I like the flip-flops on the cast member in the first shot. I've seen a few pictures from the 60's with the cast members in a different style of sandal, too. Different times...

Major Pepperidge said...

K. Martinez, I do like that first one a lot. So nostalgic! I ride the Jungle Cruise every time I go to the park - one time it was closed for some sort of refurb, and it was a bit letdown. Glad you liked today’s pix!

TokyoMagic!, jeez, I didn’t even really notice the standing guest. What a buffoon! Doesn’t seem like there was much to film at that point - maybe Trader Sam?

Nanook, here’s another thing I never noticed; see the out-of-service boat to the left, and see how there is red below the waterline. Do you think they used that to judge when a boat was full? The boat full of guests shows none of that.

Scott Lane, this was definitely one of those “peak Disneyland” eras.

Chuck, gosh, it’s hard to believe that the fluorescent bars would provide sufficient lighting, but what else would they be there? Good eye! Yes, now they use spotlights - I like riding the Jungle Cruise at night, because your imagination fills in so much.

K. Martinez, it’s true, even after all this time I still learn new things, which is amazing. It’s also fun to read Facebook and see how folks have completely garbled or changed history!

Patrick Devlin, maybe it was a CLUTCH Cargo cult? Flip flops would never do at the park these days. Bare toes are just waiting to be stepped on; and yet there are many photos from this era in which you see sandals or huaraches or something like that.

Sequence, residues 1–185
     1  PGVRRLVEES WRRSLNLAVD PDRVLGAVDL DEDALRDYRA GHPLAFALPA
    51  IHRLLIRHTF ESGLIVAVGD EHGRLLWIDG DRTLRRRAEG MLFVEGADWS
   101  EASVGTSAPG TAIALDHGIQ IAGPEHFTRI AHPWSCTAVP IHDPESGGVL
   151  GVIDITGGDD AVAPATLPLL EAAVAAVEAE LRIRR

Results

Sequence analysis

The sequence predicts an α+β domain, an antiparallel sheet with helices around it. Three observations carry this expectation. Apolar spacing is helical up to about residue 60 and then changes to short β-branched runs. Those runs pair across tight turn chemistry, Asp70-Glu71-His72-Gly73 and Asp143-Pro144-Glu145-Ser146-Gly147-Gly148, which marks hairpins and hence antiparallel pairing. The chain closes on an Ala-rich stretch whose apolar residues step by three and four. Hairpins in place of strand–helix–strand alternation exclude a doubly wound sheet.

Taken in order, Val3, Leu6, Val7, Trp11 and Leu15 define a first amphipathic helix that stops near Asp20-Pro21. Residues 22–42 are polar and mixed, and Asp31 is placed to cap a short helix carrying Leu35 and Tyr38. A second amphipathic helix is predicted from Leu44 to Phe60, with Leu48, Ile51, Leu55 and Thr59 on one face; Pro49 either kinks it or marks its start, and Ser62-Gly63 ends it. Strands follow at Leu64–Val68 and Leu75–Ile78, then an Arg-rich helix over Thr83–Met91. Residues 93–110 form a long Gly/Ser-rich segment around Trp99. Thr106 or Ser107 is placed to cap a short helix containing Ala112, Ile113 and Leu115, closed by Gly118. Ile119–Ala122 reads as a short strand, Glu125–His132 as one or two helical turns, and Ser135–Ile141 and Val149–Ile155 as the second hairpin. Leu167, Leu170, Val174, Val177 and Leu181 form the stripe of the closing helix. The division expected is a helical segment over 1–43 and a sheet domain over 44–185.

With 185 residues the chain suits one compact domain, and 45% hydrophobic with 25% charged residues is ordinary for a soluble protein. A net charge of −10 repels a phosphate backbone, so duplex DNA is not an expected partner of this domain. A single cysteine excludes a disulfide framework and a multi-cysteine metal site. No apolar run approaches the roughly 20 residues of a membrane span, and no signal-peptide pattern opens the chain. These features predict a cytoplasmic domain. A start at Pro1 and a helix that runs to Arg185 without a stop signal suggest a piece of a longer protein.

K. Martinez said...

Major, People have definitely garbled Disneyland history. Even Disney has garbled Disney history.

Anonymous said...

We used spotlights during my 'tour' as a skipper in the mid 70s. And there was a combination of low background lighting in the Jungle, as well as the canopy fluorescents on the boat, for illumination. KS

Major Pepperidge said...

K. Martinez, I'm sure you are right - there seems to be some disagreement as to the official opening date of the Haunted Mansion, for instance. And while this isn't a case of garbling, it disturbs me the way the company has eliminated C.V. Wood from its history. Put him into some context, but don't just erase him because you don't like him.

KS, thanks for the insider info! So were there actually strategically placed lights in the jungle? In my memory it was pretty black wherever the spotlight was not pointed, but it's been a while.

Anonymous said...

Major...The lighting was subtle in selected areas...like the veldt and treed expedition, the native village, Cambodian ruins and such. The trick was to do it without it being noticed. The fluorescents helped to conceal it. KS

Anonymous said...

Boy, do I remember the fluorescent lights, I noticed the lack on the older photos but forgot to mention it. Our first trip on the JC in the dark was kind of disappointing since those lights weren't very good, but that was probably 50 years ago. I'm sure it's better now. I seem to recall the skipper having a hand light because it was a lot like the one my Dad used.

The JC has always been a house favorite, except for the "Jingle Cruise" overlay. The concept might have been cute, but the execution was heavy-handed and lost it's little charm quickly.

JG